Consumer Wireless Growth Slows to 1%
Following a lackluster 2Q11 in which General Communications (Nasdaq:GNCMA) reported a net quarterly loss for the first time in two years, GCI management offered a rosier outlook for 3Q11, projecting wireless growth and citing the completion of its $88m fiber build. While the cableco did report improved top and bottom lines in 3Q11, GCI’s wireless segment failed to produce significant growth.
Quarterly revenue rose moderately for GCI, up 3.5% YoY from $171.5m to $177.7m in 3Q11, and its earnings showed similar improvement, up from $0.14 per share to $0.15 per share. High speed Internet services continue to generate growth for GCI, as its data revenue increased 15% YoY to $18.1m in 3Q11. The data gains offset a 10% YoY decline in quarterly voice revenue from $14.6m to $13.2m. GCI lost approximately 5.6k, or 7%, of its consumer access lines during the past twelve months.
The largest disappointment for GCI management in 3Q11 was the performance of its wireless segment, which GCI relies on for about 30% of its revenues. Its take from consumer wireless services in 3Q11 was up just 1% YoY, a period in which it invested in expanding and upgrading its networks. Meanwhile, wireless costs for the quarter were up 17% YoY, eating into its margins. In terms of subs, GCI added 2.9k consumer wireless connections over the past twelve months--a growth rate of 2%.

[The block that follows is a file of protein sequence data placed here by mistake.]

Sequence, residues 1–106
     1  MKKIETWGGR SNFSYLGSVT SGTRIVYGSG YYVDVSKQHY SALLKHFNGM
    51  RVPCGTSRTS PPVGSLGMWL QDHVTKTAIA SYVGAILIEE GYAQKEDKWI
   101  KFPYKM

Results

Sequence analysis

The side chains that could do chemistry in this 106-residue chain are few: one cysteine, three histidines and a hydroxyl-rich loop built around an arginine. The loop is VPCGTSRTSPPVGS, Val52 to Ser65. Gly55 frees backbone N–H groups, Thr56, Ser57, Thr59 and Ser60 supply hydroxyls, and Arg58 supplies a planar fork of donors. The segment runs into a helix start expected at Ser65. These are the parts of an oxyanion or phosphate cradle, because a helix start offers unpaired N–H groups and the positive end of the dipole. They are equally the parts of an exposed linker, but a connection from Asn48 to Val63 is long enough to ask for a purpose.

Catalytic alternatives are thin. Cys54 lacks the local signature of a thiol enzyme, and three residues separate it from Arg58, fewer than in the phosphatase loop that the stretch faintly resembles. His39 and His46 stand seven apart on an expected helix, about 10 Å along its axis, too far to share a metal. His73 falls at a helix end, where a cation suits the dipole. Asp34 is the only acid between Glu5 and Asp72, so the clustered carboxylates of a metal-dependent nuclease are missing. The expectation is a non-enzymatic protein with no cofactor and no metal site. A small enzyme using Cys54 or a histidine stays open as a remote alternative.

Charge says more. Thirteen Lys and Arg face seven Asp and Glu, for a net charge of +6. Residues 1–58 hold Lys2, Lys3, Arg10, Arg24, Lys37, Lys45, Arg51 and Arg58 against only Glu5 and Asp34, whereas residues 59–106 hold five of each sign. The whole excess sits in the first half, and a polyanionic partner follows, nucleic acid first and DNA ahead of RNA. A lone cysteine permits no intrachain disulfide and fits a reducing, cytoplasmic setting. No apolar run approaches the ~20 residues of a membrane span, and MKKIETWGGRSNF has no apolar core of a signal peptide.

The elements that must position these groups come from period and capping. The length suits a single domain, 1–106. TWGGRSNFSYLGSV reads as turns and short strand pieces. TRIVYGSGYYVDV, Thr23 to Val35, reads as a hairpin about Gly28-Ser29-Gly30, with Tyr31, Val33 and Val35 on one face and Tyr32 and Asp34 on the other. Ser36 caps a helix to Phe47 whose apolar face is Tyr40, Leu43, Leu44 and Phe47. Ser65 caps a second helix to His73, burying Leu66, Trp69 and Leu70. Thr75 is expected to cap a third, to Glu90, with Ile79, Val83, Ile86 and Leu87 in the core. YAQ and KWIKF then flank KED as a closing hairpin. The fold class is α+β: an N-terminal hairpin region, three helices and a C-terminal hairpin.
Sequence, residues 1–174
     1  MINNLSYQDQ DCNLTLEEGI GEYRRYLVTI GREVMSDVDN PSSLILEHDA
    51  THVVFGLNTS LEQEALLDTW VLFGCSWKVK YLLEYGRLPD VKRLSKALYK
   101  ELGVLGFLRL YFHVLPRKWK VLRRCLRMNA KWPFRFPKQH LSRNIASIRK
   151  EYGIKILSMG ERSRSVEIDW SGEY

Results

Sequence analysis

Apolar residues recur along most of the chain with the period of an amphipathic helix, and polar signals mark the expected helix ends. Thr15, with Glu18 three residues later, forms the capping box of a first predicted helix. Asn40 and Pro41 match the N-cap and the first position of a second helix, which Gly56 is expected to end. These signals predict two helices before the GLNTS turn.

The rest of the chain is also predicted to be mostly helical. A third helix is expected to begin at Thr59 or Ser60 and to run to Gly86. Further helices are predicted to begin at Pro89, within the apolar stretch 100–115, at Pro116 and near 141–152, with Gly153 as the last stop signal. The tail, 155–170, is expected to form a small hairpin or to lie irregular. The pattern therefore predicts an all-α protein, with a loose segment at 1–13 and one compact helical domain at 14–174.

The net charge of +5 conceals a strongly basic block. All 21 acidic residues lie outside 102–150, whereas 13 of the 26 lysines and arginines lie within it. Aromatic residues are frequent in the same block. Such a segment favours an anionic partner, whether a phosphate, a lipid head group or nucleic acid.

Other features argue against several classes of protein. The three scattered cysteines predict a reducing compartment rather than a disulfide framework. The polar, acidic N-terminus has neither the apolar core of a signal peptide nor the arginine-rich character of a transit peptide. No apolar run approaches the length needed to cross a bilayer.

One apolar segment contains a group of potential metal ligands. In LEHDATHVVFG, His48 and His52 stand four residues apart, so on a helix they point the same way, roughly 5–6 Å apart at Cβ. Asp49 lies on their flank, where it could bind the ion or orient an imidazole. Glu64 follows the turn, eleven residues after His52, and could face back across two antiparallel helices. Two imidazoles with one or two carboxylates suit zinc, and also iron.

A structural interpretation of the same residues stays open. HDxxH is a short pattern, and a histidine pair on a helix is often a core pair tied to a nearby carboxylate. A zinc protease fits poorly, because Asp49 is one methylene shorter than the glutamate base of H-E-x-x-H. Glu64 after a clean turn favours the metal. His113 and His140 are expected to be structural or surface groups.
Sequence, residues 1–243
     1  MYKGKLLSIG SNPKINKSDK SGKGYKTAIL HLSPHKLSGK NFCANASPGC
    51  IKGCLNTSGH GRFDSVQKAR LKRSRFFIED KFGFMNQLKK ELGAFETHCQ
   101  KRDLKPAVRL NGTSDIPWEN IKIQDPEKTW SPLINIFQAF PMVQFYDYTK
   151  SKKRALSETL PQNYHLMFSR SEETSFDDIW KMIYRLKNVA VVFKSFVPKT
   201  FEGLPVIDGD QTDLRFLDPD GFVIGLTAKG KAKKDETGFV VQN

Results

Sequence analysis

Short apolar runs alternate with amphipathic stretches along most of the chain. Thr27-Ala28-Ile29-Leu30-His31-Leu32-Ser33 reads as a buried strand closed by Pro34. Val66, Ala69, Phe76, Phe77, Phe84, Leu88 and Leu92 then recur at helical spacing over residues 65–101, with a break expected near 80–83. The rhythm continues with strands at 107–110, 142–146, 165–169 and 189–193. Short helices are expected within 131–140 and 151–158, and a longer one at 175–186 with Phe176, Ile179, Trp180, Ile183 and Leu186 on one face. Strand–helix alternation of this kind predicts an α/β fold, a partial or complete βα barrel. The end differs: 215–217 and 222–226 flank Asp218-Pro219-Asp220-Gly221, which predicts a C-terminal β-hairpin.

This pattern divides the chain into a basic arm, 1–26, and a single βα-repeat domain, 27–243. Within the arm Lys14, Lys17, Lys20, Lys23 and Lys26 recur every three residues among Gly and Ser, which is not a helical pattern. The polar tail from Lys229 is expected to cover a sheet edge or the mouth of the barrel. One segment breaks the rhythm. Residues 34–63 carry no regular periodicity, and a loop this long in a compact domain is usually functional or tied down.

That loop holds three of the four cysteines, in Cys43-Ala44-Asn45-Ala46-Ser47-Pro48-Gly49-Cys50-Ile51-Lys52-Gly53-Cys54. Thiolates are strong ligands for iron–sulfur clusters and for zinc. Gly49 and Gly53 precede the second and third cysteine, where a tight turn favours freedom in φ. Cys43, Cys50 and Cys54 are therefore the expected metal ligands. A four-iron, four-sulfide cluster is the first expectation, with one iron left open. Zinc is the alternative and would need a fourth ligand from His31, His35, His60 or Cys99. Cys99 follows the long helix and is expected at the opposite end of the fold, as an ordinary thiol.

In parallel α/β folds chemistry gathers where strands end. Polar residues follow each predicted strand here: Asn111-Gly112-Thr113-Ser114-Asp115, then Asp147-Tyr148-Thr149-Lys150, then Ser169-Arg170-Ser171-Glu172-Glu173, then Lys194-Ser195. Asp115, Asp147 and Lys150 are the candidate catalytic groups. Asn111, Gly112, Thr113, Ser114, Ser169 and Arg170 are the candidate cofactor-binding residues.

Ron Duncan, ceo of GCI, admitted that the underwhelming performance of its wireless segment in 3Q11 was disappointing. “Year over year (our overall) results are relatively flat and our overall performance is not as strong as we had expected. We are experiencing continued decreases in our wireline customer base, as consumers cut the cord and move to wireless, and growth in our wireless segment has been slower than anticipated.”
In other words, access line losses were expected, but so to was a subsequent jump in wireless subs and revenues as consumers replace their home phones with cell phones. It seems GCI customers are getting rid of their landlines, but they are not necessarily utilizing GCI as their wireless provider. Its main competitor, Alaska Communications (Nasdaq:ALSK), has launched its own 4G network, looking to secure its position as the top wireless provider in Alaska.
Duncan commented that there have been delays in the turn up of its new high speed wireless networks, which contributed to the lack of wireless growth. In September, the cableco launched 4G service in Anchorage, but it has planned 4G service launches in other Alaska communities that have yet to take place.
In addition to future 4G expansion, broadband growth provides GCI with expectations of improved performance in the near future. Construction of its $88 million TERRA microwave project, which will provide high speed broadband services to 10k residents in southwest Alaska, is “basically” complete according to the company. It expects to start generating revenues from this project by the end of the year.